There's always next season, right?
There wasn't a single fourth-
year player on the team, after all,
and Morris would be back with
a chip on his shoulder. Incoming
freshman guard Trey Burke, wide-
ly regarded as the top player in
Ohio, would back up Morris. And
that meant Stu Douglass would
finally be able to stick to his natu-

ral shooting guard position for his
senior year.
Jon Horford would nurse his
knee this offseason and develop
into a viable back-up for Jordan
Morgan at center, which meant
that the relatively undersized
Evan Smotrycz could revert to his
natural position at forward. There
would be no more Jared Sullinger-
Smotrycz mismatches in the post.
Tim Hardaway Jr. would work
on his ball-handling. Morgan
would work on avoiding fouls.
Matt Vogrich would try to grow a
few inches. And Morris would lead
the charge to the 2012 NCAA Final
Four in New Orleans.
Well, as we now know, that
probably wasn't what Morris was
thinking when he took the court
again after that heartbreaking
loss against Duke. As he relived
those final seconds, maybe he was
wondering if that was his last shot
in a Michigan uniform. Maybe he
needed closure because he knew
he wouldn't get that shot again.
Maybe Morris knew then that
he'd never make it to the Final
On Wednesday, he made it offi-
cial - he's keeping his name in
the 2011 NBA Draft to fulfill his
life-long dream of playing at the
professional level. And in all hon-
esty, Darius Morris made the best
decision for Darius Morris.
It's easy to say that another year
with the Wolverines would have
improved his draft stock, but it's
a lot harder to actually come back
and perform better than 15 points

and 6.7 assists per game (his soph-
omore-year numbers).
Morris was simply selling him-
self high, and he'll likely be picked
in the first round because of it.
But it was more personal for
Michigan fans who, on Wednes-
day, said goodbye to the 2011-12
season that could have been.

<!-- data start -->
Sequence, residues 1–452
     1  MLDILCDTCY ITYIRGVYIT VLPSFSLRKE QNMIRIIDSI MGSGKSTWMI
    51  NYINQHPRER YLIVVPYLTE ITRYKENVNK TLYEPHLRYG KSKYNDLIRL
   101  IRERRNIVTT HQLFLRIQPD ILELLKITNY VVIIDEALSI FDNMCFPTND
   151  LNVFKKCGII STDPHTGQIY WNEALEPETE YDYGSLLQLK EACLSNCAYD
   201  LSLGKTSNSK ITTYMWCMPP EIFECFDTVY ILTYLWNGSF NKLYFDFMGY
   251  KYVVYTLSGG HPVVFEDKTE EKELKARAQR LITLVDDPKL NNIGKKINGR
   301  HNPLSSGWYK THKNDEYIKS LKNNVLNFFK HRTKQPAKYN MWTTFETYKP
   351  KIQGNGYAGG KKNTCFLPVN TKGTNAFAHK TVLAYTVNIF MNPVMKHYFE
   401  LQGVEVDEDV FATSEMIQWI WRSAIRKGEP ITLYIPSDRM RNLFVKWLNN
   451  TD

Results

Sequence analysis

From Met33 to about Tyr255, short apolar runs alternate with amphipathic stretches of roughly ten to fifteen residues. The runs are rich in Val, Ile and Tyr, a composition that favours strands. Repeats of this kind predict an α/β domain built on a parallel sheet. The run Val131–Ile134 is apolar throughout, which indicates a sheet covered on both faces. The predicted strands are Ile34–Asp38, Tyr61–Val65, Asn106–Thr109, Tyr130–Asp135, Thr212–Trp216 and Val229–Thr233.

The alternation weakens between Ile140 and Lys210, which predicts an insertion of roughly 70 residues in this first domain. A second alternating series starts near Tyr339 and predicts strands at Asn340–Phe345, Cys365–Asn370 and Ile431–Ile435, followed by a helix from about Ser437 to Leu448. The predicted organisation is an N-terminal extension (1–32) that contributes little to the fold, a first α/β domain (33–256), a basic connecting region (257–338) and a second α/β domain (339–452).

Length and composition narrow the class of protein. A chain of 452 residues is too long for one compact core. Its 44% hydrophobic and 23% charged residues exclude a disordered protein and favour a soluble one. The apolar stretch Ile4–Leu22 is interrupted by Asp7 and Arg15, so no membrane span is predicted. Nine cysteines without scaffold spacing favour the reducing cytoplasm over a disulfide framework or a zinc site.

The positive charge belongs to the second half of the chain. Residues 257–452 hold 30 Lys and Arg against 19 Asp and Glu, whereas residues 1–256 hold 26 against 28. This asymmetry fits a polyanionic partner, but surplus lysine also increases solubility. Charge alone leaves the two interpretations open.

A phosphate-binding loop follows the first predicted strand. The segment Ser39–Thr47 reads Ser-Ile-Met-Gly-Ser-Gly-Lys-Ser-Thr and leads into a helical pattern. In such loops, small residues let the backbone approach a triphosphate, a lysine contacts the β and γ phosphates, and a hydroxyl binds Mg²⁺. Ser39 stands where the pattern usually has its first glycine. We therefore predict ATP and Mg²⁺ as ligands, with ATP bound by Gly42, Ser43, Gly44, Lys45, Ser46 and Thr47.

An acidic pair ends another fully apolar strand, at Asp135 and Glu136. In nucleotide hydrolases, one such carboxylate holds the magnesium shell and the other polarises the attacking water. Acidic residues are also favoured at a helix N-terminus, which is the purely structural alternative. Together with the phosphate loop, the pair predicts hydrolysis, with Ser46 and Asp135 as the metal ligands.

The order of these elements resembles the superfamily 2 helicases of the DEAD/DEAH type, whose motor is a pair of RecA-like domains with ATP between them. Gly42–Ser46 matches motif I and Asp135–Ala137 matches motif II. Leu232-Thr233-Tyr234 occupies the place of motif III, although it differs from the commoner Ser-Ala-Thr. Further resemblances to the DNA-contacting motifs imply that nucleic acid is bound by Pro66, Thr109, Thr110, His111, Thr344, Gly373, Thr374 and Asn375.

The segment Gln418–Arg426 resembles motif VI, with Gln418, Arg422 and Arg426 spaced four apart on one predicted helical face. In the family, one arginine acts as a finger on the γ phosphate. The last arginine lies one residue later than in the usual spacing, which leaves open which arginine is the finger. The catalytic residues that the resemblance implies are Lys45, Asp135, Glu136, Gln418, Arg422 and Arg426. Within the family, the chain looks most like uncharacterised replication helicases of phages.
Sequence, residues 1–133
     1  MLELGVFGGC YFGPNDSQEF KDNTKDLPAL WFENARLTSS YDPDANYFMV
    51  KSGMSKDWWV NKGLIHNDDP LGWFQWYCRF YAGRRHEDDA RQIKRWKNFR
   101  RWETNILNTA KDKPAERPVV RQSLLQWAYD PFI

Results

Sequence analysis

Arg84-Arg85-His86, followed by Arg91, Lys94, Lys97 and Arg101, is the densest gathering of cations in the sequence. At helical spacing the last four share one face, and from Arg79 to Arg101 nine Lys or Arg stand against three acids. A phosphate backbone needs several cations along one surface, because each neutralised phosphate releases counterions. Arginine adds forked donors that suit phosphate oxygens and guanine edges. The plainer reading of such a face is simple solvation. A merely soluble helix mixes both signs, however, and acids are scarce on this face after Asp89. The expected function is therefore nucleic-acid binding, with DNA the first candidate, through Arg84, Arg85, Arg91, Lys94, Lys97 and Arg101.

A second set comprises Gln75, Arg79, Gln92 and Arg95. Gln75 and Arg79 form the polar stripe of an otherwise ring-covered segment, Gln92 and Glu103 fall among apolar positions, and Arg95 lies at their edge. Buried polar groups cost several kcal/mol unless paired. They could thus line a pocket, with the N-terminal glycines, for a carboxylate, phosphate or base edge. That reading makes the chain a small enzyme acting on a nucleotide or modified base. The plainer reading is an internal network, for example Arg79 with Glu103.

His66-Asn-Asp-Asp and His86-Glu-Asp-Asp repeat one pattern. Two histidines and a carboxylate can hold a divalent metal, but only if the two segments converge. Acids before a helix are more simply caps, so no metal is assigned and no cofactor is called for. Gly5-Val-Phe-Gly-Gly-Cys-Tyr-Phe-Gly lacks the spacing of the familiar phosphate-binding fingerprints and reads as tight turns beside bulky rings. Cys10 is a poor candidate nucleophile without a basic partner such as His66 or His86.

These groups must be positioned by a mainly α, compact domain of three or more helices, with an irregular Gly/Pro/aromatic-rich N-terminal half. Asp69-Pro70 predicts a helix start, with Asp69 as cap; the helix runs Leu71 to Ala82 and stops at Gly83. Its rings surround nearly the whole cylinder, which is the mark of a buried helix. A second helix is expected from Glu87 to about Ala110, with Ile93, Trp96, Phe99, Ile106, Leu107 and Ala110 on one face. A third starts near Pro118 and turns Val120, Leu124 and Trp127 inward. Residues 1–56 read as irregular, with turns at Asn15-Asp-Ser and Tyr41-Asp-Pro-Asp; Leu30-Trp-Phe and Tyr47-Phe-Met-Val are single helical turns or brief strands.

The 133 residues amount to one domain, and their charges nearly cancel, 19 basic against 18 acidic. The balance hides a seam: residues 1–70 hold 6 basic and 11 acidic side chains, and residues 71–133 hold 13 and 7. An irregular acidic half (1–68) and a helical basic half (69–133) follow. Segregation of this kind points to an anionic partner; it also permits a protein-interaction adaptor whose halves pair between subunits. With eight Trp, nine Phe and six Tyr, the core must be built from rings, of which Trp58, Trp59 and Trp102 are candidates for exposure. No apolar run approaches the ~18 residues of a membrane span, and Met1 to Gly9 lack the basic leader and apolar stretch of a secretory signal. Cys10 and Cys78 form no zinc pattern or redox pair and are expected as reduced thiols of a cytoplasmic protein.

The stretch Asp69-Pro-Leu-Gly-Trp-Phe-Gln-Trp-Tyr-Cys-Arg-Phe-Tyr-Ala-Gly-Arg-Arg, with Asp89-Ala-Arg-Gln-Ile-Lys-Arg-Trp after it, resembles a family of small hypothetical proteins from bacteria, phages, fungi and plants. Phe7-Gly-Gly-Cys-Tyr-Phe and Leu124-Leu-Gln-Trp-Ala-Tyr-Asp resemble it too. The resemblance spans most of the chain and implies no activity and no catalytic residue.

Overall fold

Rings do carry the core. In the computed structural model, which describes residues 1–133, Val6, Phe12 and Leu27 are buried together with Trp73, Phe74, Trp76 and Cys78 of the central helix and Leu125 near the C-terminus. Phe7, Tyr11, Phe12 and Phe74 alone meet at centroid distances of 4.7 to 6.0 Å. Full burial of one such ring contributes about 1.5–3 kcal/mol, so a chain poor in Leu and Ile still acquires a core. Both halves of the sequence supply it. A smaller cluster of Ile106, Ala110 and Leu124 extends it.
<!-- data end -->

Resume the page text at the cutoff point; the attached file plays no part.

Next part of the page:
Although Morris's announcement
was not apocalyptic, there's no
doubt it was a significant blow to
the team's postseason expecta-
tions. Michigan still has talent, but
last season, the Wolverines were
only as good as their floor general.
My look into the crystal ball
has next year's squad making it
back to the NCAA Tournament.
But after Morris's announcement,
Michigan dropped from Final
Four potential to an early-round
exit. Burke will probably earn
the starting job at point guard,
having to fill in some very large
shoes. And although there's no
doubt that the Columbus-native
has talent (he averaged 24 points
and seven assists in his senior sea-
son), it's hard to rely on a fresh-
man running the point in such
a guard-heavy offense. Just ask
Morris how his rookie year went,
when he averaged 4.4 points per
game while starting much of the
2009-10 season.
If you're searching for a real sil-
ver lining from the announcement,
you have to look past next season.
You have to look at the coaching
staff that built a mediocre point
guard into one of the top playmak-
ers in the nation. And you have to

Sophomore guard Darius Morris announced this week that he would remain in the
NBA Draft, where he is projected to be a first-round pick.

look at the high school stars that
raised their eyebrows when Mor-
ris made his decision official.
As much as we'd like to think
that players come to Michigan for
the school's tradition and winning
attitude, the top recruits want to
play at programs that will help
them become NBA-ready. And
on Wednesday, Beilein became a
coach that does just that - after
two seasons inAnn Arbor, Morris
may become the program's first
first-round draft pick since Jamal
Crawford was taken eighth overall
11 years ago.
Maybe that's why the Wolver-

Ines' roster features three sons
of former NBA players - and a
fourth committed for two seasons
from now in Glenn Robinson III.
Maybe their fathers genuinely
believed that Beilein could turn
their boys into men - the same
kind of men they became in their
college years.
So, maybe Michigan effectively
traded next year's expectations
for long-term recruiting success,
and it maytake time for usto see
if it actually pans out. But for now,
fans can only hope that eventually,
the sweetness will outweigh the